Facilities for mass burning include smaller units (25-300 tons per day of MSW) that are fabricated in a shop before installation on site (modular units), as well as larger field-erected plants (200-3,000 tons per day). Figure 5.1 presents a block diagram of the flows of MSW through both types of facility. A variety of grates, boiler designs, feeding arrangements, and air pollution controls are possible. Individual systems are described in Appendix B. This subsection describes typical units in both size ranges.
In typical large, field-erected facilities, packer trucks empty waste into a large pit in a building. The MSW is retrieved by a crane and dropped into a hopper that feeds the combustor.
Field-erected combustors have a variety of designs to move the waste on grates through the furnace as the MSW burns. The grates move under the waste by reciprocating, rocking, rolling, moving as an endless belt, or rotating as a large tilted cylinder. Air is forced up through the grate to support combustion.
In a typical modular facility, packer trucks unload inside a building on a tipping floor, where front-end loaders are used to move the waste. At some facilities, oversized waste, such as household appliances, and tires are separated for disposal before combustion begins. The frontend loaders will break down some furniture and boxes by driving on them or by using their buckets. The MSW is then pushed onto a conveyor for feed to the combustor.
Figure 5.1 BLOCK DIAGRAM FOR A TYPICAL MASS BURN FACILITY
Click here to expand figure.
Modular designs create combustion in two chambers. The solid MSW is fed into a starved-air chamber (one that contains too little air for complete combustion) that gasifies part of the waste. The gas is burned in a second chamber with excess air at high temperature for additional heat recovery and organics destruction. Large plants have a single combustion chamber that uses excess air.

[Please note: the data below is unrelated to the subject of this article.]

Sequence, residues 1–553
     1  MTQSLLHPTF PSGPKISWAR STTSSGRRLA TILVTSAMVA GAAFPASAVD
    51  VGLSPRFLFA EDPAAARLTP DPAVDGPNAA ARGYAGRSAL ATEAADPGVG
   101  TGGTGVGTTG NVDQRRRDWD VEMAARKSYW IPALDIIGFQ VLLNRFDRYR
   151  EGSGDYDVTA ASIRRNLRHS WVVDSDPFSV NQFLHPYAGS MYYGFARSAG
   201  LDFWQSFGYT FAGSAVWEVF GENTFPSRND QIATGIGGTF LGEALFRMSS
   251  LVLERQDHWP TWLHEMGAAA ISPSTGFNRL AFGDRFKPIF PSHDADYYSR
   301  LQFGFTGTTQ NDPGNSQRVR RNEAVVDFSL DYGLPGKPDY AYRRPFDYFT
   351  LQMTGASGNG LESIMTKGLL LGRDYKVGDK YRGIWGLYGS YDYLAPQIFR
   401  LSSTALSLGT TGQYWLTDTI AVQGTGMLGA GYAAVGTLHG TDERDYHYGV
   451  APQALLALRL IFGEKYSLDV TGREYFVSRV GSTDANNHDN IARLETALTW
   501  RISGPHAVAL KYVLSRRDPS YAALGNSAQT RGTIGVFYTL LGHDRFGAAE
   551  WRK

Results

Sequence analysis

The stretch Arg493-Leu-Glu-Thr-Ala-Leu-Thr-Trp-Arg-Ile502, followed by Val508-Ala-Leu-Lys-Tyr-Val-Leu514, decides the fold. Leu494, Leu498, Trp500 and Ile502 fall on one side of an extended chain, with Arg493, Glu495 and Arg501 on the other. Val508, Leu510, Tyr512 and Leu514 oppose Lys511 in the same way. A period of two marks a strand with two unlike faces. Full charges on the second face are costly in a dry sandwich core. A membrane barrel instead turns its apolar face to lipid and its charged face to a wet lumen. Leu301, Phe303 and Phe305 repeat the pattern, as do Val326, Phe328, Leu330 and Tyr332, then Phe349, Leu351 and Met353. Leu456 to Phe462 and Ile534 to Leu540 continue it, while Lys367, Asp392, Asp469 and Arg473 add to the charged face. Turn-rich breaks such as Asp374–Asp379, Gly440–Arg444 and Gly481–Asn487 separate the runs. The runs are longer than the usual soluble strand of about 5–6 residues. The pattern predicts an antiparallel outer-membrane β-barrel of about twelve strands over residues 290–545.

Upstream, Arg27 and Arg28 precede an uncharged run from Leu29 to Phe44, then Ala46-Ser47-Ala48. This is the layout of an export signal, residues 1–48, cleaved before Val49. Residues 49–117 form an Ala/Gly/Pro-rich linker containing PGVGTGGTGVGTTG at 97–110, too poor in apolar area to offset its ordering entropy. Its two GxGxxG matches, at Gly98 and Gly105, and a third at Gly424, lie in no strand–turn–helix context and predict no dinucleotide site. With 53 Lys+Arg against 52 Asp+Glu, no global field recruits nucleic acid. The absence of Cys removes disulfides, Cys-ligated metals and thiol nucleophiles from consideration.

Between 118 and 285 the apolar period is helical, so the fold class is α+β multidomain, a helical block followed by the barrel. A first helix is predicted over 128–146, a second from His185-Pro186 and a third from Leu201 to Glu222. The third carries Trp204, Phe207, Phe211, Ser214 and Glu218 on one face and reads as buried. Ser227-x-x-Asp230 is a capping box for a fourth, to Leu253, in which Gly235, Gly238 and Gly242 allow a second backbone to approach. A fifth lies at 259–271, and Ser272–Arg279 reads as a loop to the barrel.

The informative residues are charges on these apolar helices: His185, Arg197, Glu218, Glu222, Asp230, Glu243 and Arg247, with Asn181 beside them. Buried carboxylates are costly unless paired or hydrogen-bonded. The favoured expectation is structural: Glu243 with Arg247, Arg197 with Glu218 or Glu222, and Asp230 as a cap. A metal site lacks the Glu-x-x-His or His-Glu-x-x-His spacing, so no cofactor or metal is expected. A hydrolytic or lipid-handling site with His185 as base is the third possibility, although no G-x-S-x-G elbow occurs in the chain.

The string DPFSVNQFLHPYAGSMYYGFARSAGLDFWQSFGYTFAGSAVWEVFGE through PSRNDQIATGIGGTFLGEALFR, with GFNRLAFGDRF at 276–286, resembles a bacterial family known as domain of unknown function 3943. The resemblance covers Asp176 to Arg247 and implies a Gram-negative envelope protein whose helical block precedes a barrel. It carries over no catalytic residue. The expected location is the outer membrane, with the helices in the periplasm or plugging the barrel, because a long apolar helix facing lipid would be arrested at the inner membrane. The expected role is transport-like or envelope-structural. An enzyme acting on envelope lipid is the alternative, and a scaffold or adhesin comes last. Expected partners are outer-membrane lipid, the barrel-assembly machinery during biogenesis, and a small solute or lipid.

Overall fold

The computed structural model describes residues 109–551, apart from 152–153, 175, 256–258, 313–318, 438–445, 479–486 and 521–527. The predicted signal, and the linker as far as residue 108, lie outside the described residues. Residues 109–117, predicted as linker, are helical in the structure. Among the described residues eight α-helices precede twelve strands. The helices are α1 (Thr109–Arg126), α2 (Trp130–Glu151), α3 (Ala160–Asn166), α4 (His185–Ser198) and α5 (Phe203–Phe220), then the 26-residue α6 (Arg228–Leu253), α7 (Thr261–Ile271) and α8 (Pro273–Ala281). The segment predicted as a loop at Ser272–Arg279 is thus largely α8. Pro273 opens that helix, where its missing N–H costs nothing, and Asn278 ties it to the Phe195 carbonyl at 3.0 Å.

In both modular and field-erected units, the heat of combustion may be transferred to water or steam in tubes that form the chamber of the combustor or the grate in a rotary combustor. These tubes are called "water walls," and they are highly efficient at heat recovery. Another variation is to combust the waste in a refractory lined firebox and recover the heat in a waste heat boiler located farther from the point of combustion.
Finally, in both types of units, the exhaust gases are cleaned. Combinations of devices used for cleaning may include:
Both mass burning and RDF combustion are mature technologies. The first mass burn plant in the United States that generated electricity for sale was built in New York City in 1902. In addition, combustion plants with capacities greater than 250 tons per day have been evaluated more carefully and completely than any other MSW management alternative.
Direct combustion ranks second to landfilling as an MSW management technique in the United States, accounting for disposal of 17% of all MSW (Kiser, l991a). Of the 176 municipal waste combustors (MWCs) operating in the United States in 1991, 149 are mass burn plants (Kiser, l991a). Of those, 60 are large, field-erected plants and another 50 are smaller, modular plants. The other 39 mass burn plants recover no energy.
Because MSW receives minimal or no preprocessing before mass burning, essentially no energy is required. When mass burning is preceded by separation of recyclables at an MRF, the energy requirements for materials recovery are assigned to the MRF.
The total energy produced by mass burning is higher than that of any other technology except shred-and-burn RDF. Energy production from mass burning is often comparable to that for shred-and-burn RDF, and it may be higher.
Net Energy Balance
For new, larger mass burn facilities, a reasonable estimate of net energy recovery is 525 kilowatt-hours (kWh) per ton of MSW, with a variance of +75 kWh per ton; that is, 3.8 pounds of MSW generate 1 net kWh (see Appendix A, Attachment 11, page 11-4). Plants that cogenerate steam and electricity have proportionally higher useful energy recovery, but it is more difficult to find an appropriate mix of users for the steam.
The efficiency of small, modular plants is only two-thirds as great as that of a large, field erected plant because the smaller plants use a smaller turbine generator, have lower carbon burnout, have higher radiative heat losses, and operate at lower heat transfer temperatures (see Appendix A, page A-24). The average net electricity production, in kilowatt-hours per ton, is also two-thirds as great for a modular plant as it is for a larger plant (see Appendix A, Attachment 11, pages 11-4 and 11-5; also Berenyi and Gould, l991a). Most of the small, modular plants have been designed for steam production only.
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